Regulation and Reputation
People used to think that regulation is what really matters, but in fact it is quite easy for brokers and trading companies to get a license in different countries. As a matter of fact, European regulations actually make it impossible for IBs to work in the European Economic Area, so its regulations will never allow introducers to work with these companies in Europe.
The broker's reputation and track record is what you should consider instead. Since trading is a high-risk industry, you will often find a few or many bad reviews for any given brokers, depending on where you look, often relating them to different kinds of scams. Large companies don't keep an eye out for this problem, but unfortunately, no one can help it: as trading involves a significant amount of risk, negative customer feedback is very common in the industry. Some dirty marketing tricks can also boost these results for competitors on Google, so you will rarely find accurate information there.
What you need to do is take a closer look at the company you are interested in and do some research on your own.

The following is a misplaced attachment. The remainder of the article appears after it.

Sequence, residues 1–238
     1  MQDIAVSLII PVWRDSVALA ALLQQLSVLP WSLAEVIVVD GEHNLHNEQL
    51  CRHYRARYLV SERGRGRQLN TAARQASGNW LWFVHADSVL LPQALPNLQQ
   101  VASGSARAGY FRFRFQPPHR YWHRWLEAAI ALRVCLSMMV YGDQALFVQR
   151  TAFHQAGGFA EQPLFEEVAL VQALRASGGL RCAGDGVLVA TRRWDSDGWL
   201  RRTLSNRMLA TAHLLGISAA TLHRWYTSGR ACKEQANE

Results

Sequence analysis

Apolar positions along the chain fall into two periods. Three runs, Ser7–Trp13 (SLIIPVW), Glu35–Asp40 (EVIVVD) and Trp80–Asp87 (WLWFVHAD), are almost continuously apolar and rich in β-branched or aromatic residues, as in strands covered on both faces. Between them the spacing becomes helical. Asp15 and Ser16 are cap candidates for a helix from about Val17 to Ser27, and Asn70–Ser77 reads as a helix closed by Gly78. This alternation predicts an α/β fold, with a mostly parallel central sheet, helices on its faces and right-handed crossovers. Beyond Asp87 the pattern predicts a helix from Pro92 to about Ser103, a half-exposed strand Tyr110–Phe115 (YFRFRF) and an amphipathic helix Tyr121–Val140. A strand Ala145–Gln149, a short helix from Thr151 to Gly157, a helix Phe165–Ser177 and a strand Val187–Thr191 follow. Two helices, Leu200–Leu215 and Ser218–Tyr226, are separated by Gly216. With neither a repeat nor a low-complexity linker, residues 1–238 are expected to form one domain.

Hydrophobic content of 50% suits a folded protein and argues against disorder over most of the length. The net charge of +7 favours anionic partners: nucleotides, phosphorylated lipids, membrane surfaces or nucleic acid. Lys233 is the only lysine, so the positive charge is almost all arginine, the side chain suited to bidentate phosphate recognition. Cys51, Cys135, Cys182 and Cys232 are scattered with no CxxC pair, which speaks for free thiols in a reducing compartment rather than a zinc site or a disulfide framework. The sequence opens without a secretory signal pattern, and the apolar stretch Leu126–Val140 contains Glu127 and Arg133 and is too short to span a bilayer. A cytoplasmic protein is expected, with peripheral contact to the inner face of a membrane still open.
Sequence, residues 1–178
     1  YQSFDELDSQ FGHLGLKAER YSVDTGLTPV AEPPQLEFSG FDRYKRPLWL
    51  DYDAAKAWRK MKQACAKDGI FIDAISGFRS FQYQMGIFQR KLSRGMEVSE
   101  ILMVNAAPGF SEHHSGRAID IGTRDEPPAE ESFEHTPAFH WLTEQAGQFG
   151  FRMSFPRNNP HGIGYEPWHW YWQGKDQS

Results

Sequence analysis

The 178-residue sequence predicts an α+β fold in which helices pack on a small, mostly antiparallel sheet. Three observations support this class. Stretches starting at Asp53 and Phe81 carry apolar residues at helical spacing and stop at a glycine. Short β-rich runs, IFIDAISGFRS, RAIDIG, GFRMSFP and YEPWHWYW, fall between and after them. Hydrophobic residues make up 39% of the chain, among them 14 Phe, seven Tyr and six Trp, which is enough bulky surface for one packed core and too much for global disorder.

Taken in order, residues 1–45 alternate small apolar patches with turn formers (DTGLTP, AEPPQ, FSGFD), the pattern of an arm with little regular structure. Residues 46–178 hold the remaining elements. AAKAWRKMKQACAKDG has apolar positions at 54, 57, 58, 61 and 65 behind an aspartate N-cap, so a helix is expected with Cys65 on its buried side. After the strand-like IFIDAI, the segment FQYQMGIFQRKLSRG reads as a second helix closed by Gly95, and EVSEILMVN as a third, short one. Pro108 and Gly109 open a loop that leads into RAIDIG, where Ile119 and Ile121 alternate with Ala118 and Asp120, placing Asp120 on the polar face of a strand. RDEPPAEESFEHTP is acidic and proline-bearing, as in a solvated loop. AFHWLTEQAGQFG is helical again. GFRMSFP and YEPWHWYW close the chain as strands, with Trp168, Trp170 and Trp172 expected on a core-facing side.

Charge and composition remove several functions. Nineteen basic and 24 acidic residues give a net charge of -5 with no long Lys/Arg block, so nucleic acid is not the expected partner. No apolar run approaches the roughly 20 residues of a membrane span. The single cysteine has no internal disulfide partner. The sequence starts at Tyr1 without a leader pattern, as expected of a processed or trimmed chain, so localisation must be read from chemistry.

During your research, try to find answers to the following questions:
- When was the company founded?
- Tells about their history and shows the progress made?
- How many active customers (traders) do they have?
- Does the website look professional?
- How active is the company on social media? Do they have a solid community? How do they handle public communications?
- Do they have any educational material? Is it high- or poor-quality? Do you have to pay for it?
- How fast and helpful is the company's customer support?
- Do they invest in advertising, sponsorship or charity?
You can extend this list as long as possible, but the general point is this: you must make sure that the broker you are promoting is a legitimate business with serious people working in their customer support, social media, and marketing.